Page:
In this module you will become familiar with the expectations for research and Modern Language Association (MLA) formatting, which will be used for all discussions and projects in this course. It is essential that you follow these guidelines as they will keep you away from plagiarist activity and strengthen the structure of your argumentative writing.
Following completion of this module, you will be expected to learn the following:
Research requires that you form arguments and support those arguments with academic sources. Academic sources are sources that have undergone some sort of peer-review process creating a checks-and-balance system for forming reliable information. In the arts academic sources often come in the form of art survey textbooks, museum exhibition catalogs, journals, and, in the case of contemporary art, formal critic reviews and news paper articles. Other sources may include textbooks on visual culture and theory, psychology, and other more scientifically or historically based research.
As this course focuses on visual culture, images play a large part in our arguments. Images, however, are not simply free for the taking as Google may make it seem. Images often have very strict copyrights attached to them that require that you also properly identify the image and its source. We will discuss this more in the Modern Language Association (MLA) portion of this module, but note that finding credible image sources is much like researching through textbooks, and there are good and bad practices for doing so.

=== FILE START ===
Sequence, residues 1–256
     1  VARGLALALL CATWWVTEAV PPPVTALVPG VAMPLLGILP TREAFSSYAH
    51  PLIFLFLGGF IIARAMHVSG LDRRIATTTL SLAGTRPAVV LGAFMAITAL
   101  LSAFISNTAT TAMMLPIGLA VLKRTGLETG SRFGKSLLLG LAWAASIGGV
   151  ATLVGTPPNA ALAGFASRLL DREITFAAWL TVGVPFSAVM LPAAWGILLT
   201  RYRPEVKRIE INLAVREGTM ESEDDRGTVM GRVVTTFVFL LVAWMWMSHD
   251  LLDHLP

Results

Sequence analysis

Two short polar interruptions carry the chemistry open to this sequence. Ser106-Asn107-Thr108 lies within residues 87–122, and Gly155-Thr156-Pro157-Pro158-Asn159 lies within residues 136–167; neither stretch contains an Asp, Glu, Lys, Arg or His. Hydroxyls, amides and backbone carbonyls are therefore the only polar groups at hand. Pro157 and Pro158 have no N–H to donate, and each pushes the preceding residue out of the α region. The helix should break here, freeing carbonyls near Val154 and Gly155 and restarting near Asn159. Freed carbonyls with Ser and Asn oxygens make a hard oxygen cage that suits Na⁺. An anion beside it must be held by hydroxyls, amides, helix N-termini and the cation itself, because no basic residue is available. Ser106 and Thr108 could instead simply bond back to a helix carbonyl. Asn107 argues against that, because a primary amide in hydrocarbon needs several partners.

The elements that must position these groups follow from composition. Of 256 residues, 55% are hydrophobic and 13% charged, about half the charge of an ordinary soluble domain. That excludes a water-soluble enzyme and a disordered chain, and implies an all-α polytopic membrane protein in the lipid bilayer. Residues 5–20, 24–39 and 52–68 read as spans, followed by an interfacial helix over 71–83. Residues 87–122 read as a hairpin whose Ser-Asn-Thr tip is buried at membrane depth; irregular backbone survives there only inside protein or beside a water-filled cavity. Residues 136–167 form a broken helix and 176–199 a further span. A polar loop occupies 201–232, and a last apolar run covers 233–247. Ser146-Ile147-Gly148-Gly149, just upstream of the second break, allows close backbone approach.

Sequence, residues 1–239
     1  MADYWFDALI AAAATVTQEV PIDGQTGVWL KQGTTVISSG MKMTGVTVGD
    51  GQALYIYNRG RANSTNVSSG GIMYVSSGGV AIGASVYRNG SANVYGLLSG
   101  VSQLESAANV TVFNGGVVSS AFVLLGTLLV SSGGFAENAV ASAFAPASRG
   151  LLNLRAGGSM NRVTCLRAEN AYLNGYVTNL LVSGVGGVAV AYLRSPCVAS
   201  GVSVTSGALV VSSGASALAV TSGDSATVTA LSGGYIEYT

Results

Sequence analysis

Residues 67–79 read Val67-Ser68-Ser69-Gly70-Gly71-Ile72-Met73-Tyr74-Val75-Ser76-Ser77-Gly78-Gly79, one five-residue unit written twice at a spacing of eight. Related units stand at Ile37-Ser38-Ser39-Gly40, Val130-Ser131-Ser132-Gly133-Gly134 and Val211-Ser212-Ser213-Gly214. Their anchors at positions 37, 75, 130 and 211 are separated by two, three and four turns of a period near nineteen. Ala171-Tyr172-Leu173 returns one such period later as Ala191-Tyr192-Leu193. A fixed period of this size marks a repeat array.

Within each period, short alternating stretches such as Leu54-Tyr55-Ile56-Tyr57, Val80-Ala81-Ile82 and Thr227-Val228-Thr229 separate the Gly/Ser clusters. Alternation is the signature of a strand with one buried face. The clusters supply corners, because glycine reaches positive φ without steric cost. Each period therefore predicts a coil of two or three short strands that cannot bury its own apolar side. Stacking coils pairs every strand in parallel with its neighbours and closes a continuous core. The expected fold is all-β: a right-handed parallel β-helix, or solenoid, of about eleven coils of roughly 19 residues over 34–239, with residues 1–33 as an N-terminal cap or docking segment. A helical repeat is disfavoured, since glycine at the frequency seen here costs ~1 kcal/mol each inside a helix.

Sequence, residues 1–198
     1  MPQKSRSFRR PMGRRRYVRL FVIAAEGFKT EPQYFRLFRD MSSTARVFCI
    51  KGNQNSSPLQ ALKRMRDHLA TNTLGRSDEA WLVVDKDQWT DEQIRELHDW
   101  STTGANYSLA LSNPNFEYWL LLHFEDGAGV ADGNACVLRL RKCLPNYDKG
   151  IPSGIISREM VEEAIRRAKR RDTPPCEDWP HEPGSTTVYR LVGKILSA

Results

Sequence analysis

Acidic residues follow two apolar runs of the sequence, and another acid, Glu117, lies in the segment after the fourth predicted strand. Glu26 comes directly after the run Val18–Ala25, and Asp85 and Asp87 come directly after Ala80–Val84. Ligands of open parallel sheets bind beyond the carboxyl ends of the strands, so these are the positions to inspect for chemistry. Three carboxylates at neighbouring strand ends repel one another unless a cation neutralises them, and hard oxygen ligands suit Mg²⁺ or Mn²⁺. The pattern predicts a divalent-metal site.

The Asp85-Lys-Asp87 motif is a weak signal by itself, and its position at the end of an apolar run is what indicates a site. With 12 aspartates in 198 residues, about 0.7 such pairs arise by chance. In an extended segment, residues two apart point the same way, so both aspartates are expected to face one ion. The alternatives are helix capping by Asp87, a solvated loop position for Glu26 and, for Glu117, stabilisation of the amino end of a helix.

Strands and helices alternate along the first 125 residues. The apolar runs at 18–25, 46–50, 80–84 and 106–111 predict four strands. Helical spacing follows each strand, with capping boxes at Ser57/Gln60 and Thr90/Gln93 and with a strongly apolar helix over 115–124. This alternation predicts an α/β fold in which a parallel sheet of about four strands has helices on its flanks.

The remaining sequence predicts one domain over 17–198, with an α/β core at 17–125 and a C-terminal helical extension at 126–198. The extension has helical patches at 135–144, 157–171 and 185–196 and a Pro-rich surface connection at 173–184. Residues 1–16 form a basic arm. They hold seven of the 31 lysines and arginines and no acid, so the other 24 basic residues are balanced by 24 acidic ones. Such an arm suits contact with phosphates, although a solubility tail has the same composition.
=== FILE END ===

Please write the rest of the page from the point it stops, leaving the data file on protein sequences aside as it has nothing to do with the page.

Finding sources is often a challenge in a virtual environment. I always recommend actually going to a physical library and looking through physical copies of texts as not all texts are digitized. However, as this is often a geographical challenge for many, the University Library has a lot of good source material and knowledgeable librarians who will help you with your research needs. The University Library should be the first place that you look for any research as they pay to access many research journals and documents that are not publicly shared across the Internet. They also have staff who are willing to work with you to find sources for any topic that you may be working on.
If you have little luck using the University Library, the Internet does have some good source material as well, though you will have to learn to become critical of the source, their biases, and the level of review conducted on the validity of any arguments. Here is a video from a source on YouTube (rmillroy28) that is helpful: <https://www.youtube.com/watch?v=PSK9dtE_tiU#t=2>
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Although you may have used another citation format in other courses (APA, Chicago, etc.) humanities often cite using the Modern Language Association (MLA) format as it is designed for research in these fields and contains a writing style that is much different from the others. The quick-reference guide to MLA is housed at the Purdue Online Writing Lab (OWL). This format requires that you cite your sources both within the text of your writing and connect these citations to a works cited area following any paper. Conference posts are considered mini-essays and should be treated in the same manner as any formal academic writing.
Firstly, here are two helpful guides shared with me by an English professor:Tips for Citations and Quotes (Babcock) and Sample Works Cited (Babcock). Below are a few videos to help form your understanding on the subject:
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Babcock, A. Sample Works Cited. Unpublished, 2013.
Babcock, A. Tips for Citations and Quotes. Unpublished, 2013.
Docter, J. Basics of MLA Citing. Youtube, 2 Jan. 2012. Web. 28 Nov. 2013
East Tennessee State University. MLA in Three Minutes. Youtube and East Tennessee State University, 15 July 2011. Web. 28 Nov. 2013.
researchtutorials. In-Text Citations. Youtube, 21 Aug. 2008. Web. 28 Nov. 2013.
rmilloy28. Finding Credible Sources on the Web, Some Tips and Advise. Youtube, 17 Oct. 2012. Web. 28 Nov 2013.